Published on 09 April 2019

Designing a Better Interface for Microservices Development

Published on 09 April 2019

In Tilt, you can now browse logs for all your microservices in a web interface. See an overview of how your resources are running, look through streaming logs, and preview HTTP endpoints. You can also scroll and search through a single stream that multiplexes all logs. Theses logs persist as Tilt hums along re-building and re-deploying your code.

If you’ve already played with Tilt, you still see our familiar Terminal UI when you `tilt up` in your project. Hit `enter` on any resource to see the web UI.If you’ve already played with Tilt, you still see our familiar Terminal UI when you tilt up in your project. Hit enter on any resource to see the web UI.

…Is that all?

If you’re familiar with popular log aggregation dashboards, you might find this to be rather a humble way to explore logs. Where are the complex search queries, the visualizations, and other investigative tools?

Well, what I love about designing Tilt is that we’re forging ahead in a space with scant precedent. We want to be your companion in the “inner loop” of development, when you’re iterating on code pre-commit, and certainly before you push to prod. So while those log aggregation interface conventions can be excellent inspiration, we don’t copy tools that were never made for the inner loop.

Tilt focuses on an area most others neglect, so instead of replicating a familiar convention, my work here is a distinct challenge: we make a skeleton, see it walk, then flesh it out.

So, how do we know which way to walk? Below, you’ll see the travelogue of where we’ve been. It’s more of an exploration than a straight path, so I’m thankful to be guided by strong convictions about what our tools should feel like:

Tilt should show a lightweight, responsive, and trustworthy overview as you iterate in (or on) your microservices architecture. We’re engineers, so we know things go wrong as a matter of course. Because the clues you need are fragmented across various streams with varying levels of obscurity, understanding why is the hidden problem. Troubleshooting common issues should not require deep expertise; Tilt should be a focused tool that helps you suss out root causes when you’re still in flow, not only a forensic lenses to examine outages days hence.

Where have we been?

Early iterations of tilt up used to stream multiplexed logs inline in your command line. And while you could pipe this output to grep or other fave command-line tools for further analysis, having this as your sole interface to Tilt really only communicated a few things. “Hey, we’re working.” and “Okay, now we’re waiting for your next move.”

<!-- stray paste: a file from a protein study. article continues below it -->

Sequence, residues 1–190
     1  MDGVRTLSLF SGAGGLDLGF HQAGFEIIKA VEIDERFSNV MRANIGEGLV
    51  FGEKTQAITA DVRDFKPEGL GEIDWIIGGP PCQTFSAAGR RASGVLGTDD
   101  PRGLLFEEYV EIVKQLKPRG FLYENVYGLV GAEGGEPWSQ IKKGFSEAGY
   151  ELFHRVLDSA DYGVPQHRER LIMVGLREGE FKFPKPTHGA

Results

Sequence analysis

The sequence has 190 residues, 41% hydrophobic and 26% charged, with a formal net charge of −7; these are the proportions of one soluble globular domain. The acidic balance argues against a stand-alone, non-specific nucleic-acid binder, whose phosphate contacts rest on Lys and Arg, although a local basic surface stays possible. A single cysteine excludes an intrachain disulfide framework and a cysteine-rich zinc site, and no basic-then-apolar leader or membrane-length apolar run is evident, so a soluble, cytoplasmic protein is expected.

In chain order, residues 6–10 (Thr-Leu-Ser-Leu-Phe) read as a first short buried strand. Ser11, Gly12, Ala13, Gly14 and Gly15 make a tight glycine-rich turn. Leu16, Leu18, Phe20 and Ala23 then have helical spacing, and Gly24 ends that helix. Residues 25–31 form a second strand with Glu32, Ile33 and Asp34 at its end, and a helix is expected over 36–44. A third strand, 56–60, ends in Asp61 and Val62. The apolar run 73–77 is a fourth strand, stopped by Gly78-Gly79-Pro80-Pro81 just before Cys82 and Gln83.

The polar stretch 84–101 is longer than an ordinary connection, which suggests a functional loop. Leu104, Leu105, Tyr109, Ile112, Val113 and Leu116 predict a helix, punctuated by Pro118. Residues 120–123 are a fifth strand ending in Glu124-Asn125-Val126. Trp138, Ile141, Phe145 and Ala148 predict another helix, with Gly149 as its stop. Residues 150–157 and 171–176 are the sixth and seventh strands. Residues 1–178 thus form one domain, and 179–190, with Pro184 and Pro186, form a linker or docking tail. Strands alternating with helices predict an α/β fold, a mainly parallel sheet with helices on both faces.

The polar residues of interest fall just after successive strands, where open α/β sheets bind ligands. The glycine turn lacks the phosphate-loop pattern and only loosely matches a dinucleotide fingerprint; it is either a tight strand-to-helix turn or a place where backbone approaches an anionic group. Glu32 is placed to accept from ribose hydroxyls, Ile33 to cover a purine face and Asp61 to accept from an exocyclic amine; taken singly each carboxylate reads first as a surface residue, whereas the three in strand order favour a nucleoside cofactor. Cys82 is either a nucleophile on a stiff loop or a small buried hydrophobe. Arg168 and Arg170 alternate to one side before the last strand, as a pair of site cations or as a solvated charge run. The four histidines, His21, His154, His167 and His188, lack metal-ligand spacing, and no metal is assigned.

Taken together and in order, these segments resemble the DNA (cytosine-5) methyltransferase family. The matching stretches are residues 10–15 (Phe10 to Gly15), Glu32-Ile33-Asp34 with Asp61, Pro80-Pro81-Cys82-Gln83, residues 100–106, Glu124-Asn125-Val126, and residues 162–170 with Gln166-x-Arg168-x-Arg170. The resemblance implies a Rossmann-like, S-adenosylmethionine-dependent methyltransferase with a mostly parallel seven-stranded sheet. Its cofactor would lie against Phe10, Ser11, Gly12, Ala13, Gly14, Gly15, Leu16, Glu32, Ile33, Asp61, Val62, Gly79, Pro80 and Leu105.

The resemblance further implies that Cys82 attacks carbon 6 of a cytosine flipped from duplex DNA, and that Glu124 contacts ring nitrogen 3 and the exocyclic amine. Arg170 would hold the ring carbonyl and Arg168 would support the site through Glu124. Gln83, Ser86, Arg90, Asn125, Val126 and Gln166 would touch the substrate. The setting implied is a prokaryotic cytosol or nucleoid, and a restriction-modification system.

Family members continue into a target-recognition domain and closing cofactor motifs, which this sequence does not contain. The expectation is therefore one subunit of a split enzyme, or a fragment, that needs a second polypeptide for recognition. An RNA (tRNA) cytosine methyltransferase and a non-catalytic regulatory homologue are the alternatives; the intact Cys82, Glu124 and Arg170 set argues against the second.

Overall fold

You can still see this output with `tilt up --hud=false`You can still see this output with tilt up --hud=false

The logical next evolution was to give people an overview. What’s Tilt doing in response to your file changes? What’s happening with your cluster?

Our subsequent Terminal UI (TUI) shows your resources, insight into their status, and some ways to browse logs: With a resource selected, you hit “enter” and see a scrollable modal window with logs.

Tilt’s Terminal UI log modalTilt’s Terminal UI log modal

Limitations of TUI

But building a Terminal UI app has special challenges, both in design and implementation. Scrolling through streaming logs can feel cumbersome; Unicode box-drawing characters hitchhike along when you try to copy log output; the way we retained logs in memory made Tilt a real CPU hog. And if we want features like robust search, it’d be a real investment we’d have to build from scratch.

Any of these issues could be fixed, sure, but some only with asymptotic effort. This gut sense of struggling uphill against the limitations of particular platform is often a sign it’s time to step back and rethink.

So — what are the special talents of a Terminal interface? Seeing a TUI launch with tilt up was pleasing in many ways: fast, lightweight, and evocative of a developer aesthetic that feels nostalgic to some, and just like home for others.

And what are the drawbacks? Since TUI interaction should be driven by the keyboard, having lots of interface nooks to explore requires either a steep learning curve of key chords and sequences (hi, Emacs and Vim), or creating new interface elements that don’t have a ton of precedent in the world of TUI. (For those familiar with web design history, this brings to mind the Cambrian explosion of scrollbar variants in Flash apps, no two alike.)

Where are we now

In writing the spec for our new web interface, I started with this premise:

Tilt’s Terminal UI should be only for awareness. We reliably show the current high-level state of the system, so you see if everything is OK or if there’s something to investigate.

For investigating, we take you to our web app. There, you can browse and search full logs for every resource. We leverage the built-in search functionality of the browser. And it’s a skeleton to build on.

I expect to continue negotiating between awareness and investigating by iterating on our design affordances (all possible actions that an interface suggests and provides). Tilt gets better when we understand how our premises meet the reality of your actual workflows. So, your take is essential!

Please check out our latest release and let us know what you think.


Originally posted on the Windmill Engineering blog on Medium

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